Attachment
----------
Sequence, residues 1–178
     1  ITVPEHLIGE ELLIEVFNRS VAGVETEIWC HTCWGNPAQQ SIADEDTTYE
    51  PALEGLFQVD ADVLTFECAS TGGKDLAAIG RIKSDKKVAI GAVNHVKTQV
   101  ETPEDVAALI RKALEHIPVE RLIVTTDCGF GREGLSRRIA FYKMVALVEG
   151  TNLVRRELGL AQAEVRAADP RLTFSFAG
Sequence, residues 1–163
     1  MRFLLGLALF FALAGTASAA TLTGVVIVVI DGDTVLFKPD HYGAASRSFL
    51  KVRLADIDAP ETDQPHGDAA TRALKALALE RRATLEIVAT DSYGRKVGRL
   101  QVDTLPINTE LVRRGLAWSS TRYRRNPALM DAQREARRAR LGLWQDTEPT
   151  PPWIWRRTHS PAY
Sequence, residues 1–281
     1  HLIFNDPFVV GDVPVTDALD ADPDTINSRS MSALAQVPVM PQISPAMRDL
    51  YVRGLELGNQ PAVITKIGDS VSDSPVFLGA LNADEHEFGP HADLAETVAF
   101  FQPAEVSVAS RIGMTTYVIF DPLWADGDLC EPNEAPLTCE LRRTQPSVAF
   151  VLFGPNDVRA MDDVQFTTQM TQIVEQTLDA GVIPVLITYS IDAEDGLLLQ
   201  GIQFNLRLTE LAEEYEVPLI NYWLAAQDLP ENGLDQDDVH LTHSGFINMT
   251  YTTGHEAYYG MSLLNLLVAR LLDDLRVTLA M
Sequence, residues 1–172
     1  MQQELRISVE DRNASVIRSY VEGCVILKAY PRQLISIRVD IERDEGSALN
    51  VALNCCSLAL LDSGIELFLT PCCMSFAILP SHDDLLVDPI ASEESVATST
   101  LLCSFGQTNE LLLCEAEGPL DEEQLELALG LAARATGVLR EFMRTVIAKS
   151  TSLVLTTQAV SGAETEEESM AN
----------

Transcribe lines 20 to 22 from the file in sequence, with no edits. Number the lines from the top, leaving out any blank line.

    51  VALNCCSLAL LDSGIELFLT PCCMSFAILP SHDDLLVDPI ASEESVATST
   101  LLCSFGQTNE LLLCEAEGPL DEEQLELALG LAARATGVLR EFMRTVIAKS
   151  TSLVLTTQAV SGAETEEESM AN